Saudi-Trained Forces Enter Fight in Yemen
A group of Yemeni fighters trained by Saudi Arabia has reportedly arrived in Aden to break the stalemated battle between Houthi fighters and local militias. The Saudi-trained forces appear to have been drawn from Yemen’s south and may include military officers who fled the country after its 1994 civil war. The introduction of foreign-trained ground ...
A group of Yemeni fighters trained by Saudi Arabia has reportedly arrived in Aden to break the stalemated battle between Houthi fighters and local militias. The Saudi-trained forces appear to have been drawn from Yemen’s south and may include military officers who fled the country after its 1994 civil war. The introduction of foreign-trained ground forces comes as Egypt authorized extending its political mandate to deploy military forces by an additional three months, allowing it to continue its participation in the Saudi intervention, and as tensions increased further with Iran. Iran’s deputy foreign minister said that regional powers “will not be allowed to put our shared security at risk with military adventures” in Yemen. A classified U.N. report concluded that Iran has been arming the Houthis on a limited basis since 2009.
Human Rights Watch reports that they have found evidence the Saudi campaign in Yemen has included the use of cluster munitions sold to Saudi Arabia and the United Arab Emirates by the United States. Cluster bombs have been banned by most militaries — though not by the United States — because their imprecision has incurred high civilian casualties, a recurring complaint from international officials about the Saudi campaign.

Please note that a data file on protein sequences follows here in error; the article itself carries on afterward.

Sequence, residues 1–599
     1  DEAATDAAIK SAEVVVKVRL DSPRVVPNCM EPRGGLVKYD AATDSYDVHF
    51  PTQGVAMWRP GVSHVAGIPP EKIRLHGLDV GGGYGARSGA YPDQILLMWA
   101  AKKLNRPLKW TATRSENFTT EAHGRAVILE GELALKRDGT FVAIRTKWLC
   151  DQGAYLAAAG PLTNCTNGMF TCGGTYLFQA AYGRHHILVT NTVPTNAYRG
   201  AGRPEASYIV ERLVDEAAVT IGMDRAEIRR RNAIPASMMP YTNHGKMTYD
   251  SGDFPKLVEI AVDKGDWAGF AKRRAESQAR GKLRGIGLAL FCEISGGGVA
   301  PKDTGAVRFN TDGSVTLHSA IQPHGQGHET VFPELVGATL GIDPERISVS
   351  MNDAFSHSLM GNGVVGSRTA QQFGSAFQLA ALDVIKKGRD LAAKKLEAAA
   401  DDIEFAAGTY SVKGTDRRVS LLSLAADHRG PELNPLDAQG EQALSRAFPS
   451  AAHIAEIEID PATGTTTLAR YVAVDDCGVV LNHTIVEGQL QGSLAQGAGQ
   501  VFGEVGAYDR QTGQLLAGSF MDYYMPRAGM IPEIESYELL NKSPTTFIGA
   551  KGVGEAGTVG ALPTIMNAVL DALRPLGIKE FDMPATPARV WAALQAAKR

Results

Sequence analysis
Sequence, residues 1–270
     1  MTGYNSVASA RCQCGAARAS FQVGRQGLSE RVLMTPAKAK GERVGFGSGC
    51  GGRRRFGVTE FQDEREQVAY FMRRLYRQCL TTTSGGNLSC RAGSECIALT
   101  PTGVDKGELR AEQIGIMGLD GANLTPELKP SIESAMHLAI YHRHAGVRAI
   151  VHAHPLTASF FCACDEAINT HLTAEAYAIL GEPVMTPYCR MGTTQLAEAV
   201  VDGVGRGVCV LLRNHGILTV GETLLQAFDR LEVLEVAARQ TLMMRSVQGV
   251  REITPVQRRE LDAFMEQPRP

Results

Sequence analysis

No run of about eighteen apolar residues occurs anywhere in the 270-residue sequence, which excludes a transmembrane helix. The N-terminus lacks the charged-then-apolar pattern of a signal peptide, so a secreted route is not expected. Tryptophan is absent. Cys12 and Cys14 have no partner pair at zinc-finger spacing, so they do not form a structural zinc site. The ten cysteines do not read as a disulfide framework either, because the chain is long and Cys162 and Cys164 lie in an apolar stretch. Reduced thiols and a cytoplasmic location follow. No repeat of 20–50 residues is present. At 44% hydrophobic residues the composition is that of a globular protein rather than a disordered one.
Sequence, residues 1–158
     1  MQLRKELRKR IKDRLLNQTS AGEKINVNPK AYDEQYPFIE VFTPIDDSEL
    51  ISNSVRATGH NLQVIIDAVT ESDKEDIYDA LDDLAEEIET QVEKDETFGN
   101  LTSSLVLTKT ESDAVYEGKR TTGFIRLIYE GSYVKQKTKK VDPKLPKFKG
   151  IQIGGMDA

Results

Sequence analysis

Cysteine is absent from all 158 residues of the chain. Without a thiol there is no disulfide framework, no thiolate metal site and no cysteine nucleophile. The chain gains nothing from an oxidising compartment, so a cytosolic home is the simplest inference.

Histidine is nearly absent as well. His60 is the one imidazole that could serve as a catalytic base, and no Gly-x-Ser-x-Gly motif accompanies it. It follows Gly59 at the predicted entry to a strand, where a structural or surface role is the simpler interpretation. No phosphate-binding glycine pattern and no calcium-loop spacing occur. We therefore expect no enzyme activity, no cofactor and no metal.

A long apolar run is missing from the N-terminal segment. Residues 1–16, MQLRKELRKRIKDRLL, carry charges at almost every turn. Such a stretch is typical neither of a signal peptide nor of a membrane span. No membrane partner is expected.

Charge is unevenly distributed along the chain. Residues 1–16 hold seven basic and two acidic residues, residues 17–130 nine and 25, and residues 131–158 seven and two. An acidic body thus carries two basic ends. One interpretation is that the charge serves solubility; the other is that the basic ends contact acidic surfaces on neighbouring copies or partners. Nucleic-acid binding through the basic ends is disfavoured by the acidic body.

U.S. Reconsidering Arms Proposal for Iraq
While visiting Iraq, U.S. Representative Michael McCaul said Congress is reconsidering a provision in the National Defense Authorization Act that would allow the United States to supply arms directly to Kurdish and Sunni militia forces, bypassing Baghdad. Prime Minister Haider al-Abadi has objected to the measure, stating that it would undermine the unity of the country, and cleric Muqtada al-Sadr said he would authorize his Mahdi Army militia to attack U.S. troops if it passes.
- Shipping company Maersk met with the Port and Maritime Organization in Iran to discuss the release of the Tigris, the cargo ship seized by Iran last week, but said it has not received any legal documents on the matter.
- At least 46 people were injured — half of them police — as protests continued in Tel Aviv against police brutality targeting Israel’s Ethiopian Jewish community.
- Another 5,800 migrants trying to reach Europe from North Africa were rescued at sea this weekend; at least 10 deaths have also been reported.
- Qatar signed a $7 billion dollar arms deal with France to receive missiles and 24 Rafale fighter jets.
- The United States and Egyptian intelligence chief Omar Suleiman believed they had convinced President Hosni Mubarak to resign in a Feb 1, 2011 speech, according to a new book by former CIA Deputy Director Michael Morrell, but that Mubarak changed his mind.
-J. Dana Stuster
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